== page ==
Carpenters Protect Fargo from Floods
In 1997, a rapid melting of 98.6 inches of snow resulted in a devastating flood for communities along the Red River in Minnesota, North Dakota and Southern Manitoba. In response, leaders in Cass County, North Dakota initiated a study to permanently resolve the ongoing flood threat to residents along the Red River. Following a 10-year planning and permitting process the Fargo-Moorhead Metropolitan Area Flood Risk Management Project was created in 2017. Currently, union carpenters, piledrivers and millwrights with Ames Construction are working on the flood diversion construction with hopes of completing two major portions of the $2.75 billion project in the summer of 2023. This work will protect more than 235,000 people from potentially catastrophic flooding.
Many elements factor into whether the Red River Valley will flood in any particular year. The soil moisture, spring rain, frost depth and a northern-flowing river contribute to the threat of flooding to surrounding communities. However, substantial progress has been made to protect the residents in the Fargo-Moorhead area, but there remain gaps in the line of protection. The Fargo-Moorhead Metro area cannot achieve accredited 100-year flood protection with current embankment and floodwalls alone.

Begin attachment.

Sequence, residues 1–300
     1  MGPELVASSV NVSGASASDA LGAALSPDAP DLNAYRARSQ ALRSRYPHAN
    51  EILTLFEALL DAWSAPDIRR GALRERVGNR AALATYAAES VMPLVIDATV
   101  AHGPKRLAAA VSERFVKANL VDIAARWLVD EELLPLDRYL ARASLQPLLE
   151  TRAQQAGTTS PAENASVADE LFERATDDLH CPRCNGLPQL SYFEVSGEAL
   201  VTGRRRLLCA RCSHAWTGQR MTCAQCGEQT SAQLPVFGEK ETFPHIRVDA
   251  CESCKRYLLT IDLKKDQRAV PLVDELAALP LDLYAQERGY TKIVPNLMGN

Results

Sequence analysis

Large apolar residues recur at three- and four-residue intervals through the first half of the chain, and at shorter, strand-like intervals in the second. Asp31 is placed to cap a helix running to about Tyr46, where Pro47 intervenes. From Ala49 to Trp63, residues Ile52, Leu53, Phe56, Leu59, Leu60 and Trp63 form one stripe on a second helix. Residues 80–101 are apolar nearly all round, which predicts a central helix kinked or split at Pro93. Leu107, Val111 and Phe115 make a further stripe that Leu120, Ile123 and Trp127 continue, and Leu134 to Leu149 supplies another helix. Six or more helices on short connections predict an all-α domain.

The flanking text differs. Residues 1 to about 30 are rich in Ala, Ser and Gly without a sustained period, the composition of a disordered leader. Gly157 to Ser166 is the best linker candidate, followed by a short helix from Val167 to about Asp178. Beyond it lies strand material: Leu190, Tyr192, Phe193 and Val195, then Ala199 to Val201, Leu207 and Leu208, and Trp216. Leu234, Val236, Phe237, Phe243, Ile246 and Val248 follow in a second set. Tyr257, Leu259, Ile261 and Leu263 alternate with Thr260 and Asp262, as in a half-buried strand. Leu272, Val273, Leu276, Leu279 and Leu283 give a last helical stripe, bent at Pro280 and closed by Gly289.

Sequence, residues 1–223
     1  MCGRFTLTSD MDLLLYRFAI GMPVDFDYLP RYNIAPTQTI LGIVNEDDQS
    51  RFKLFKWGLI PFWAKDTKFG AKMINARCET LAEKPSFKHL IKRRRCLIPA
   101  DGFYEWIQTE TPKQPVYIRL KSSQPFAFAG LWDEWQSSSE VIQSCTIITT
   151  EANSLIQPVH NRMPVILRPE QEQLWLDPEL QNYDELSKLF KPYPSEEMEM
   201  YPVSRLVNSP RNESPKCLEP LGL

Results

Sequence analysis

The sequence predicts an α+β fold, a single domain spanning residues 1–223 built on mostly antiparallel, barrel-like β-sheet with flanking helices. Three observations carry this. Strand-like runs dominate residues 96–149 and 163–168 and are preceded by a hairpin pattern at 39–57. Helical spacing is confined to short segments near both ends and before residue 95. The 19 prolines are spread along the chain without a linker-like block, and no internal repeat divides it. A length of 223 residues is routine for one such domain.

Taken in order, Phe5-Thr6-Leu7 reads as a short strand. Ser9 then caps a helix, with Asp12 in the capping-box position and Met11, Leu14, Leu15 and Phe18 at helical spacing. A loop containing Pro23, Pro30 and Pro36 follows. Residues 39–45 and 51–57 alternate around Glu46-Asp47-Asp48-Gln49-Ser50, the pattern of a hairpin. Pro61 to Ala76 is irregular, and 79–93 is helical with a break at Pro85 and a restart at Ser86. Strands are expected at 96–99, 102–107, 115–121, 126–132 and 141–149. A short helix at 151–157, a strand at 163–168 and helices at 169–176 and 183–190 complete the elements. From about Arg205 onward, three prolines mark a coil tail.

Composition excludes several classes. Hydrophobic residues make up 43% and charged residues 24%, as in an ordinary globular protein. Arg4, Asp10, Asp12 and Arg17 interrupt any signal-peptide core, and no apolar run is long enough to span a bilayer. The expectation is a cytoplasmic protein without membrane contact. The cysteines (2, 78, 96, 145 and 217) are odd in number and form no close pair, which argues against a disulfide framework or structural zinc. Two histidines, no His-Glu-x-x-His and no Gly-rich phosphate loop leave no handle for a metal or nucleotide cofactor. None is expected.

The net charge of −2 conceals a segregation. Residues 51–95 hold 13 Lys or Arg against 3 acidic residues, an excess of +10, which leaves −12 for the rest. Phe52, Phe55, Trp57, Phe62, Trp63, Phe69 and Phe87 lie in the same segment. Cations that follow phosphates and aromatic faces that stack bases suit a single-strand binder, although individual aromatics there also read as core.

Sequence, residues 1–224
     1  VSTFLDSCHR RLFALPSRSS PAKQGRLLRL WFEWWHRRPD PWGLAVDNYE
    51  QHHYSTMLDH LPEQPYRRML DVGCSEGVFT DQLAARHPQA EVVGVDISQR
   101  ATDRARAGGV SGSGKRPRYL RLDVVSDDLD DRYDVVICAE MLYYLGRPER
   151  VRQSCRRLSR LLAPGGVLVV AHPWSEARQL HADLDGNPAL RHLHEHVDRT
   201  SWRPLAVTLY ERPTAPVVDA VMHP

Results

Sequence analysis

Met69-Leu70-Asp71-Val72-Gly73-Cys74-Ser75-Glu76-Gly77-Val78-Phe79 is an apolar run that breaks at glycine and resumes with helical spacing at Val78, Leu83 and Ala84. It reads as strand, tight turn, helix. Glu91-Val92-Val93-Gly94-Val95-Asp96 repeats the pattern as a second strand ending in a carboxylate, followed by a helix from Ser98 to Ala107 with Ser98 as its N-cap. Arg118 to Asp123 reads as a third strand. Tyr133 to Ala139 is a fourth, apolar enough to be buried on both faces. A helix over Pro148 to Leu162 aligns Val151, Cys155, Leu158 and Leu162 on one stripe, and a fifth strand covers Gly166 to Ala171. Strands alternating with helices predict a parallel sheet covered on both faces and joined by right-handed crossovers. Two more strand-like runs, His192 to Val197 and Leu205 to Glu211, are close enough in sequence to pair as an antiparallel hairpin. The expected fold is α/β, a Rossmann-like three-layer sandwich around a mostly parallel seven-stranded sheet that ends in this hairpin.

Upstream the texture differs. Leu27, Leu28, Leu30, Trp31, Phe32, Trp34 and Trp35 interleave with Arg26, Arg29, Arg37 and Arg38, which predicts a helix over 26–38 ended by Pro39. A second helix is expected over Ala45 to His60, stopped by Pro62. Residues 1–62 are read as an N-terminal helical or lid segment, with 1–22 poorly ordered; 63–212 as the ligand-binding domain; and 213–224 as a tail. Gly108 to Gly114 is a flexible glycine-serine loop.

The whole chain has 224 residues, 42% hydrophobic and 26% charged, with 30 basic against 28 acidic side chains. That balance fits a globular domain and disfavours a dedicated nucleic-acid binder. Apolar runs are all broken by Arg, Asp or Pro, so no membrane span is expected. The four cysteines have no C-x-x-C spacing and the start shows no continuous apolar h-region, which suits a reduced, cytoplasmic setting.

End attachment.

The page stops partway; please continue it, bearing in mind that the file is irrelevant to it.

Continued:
This project will now include a 30-mile-long diversion channel, 20 miles of earthen embankment, 19 highway bridges, four railroad bridges, three river control structures and two culvert structures. This plan focuses on mitigation efforts for a 26,600-acre area where water can temporarily be stored and controlled during extreme flooding.
Ames Construction has been awarded two contracts relative to the project. They are building the $46 million diversion inlet with three gates that will redirect water from the river. The gates at the inlet protect metro areas by ensuring they do not receive any more than they would during the time of a 100-year flood. The additional water will be diverted before re-entering the Red River. Ames Construction will also build the $59 million Wild Rice River control structure. The control structure will regulate water flow on the river during times of extreme flooding by triggering the temporary storage of water upstream to prevent downstream impacts.
The scope of these flood diversion projects is massive. The inlet includes three 50-foot-wide radial arm gates. Over 11,700 cubic yards of concrete, 1,000 tons of rebar, 10.5 miles of steel beams and 27,500 square feet of sheet pile will be used. Between the two projects, Ames employs 19 carpenters and a combination of 12 piledrivers and millwrights. The entire flood diversion build has a projected completion date of spring of 2027.
Ames Construction has signed a unique project labor agreement with the North Central States Regional Council of Carpenters providing union labor in North Dakota for this flood diversion project. Ben Herden, Area Project Manager from Ames said, “It has been a good experience. I enjoy working with people who are here for a career and not just a job. I prefer to have highly-skilled, highly-trained workers.”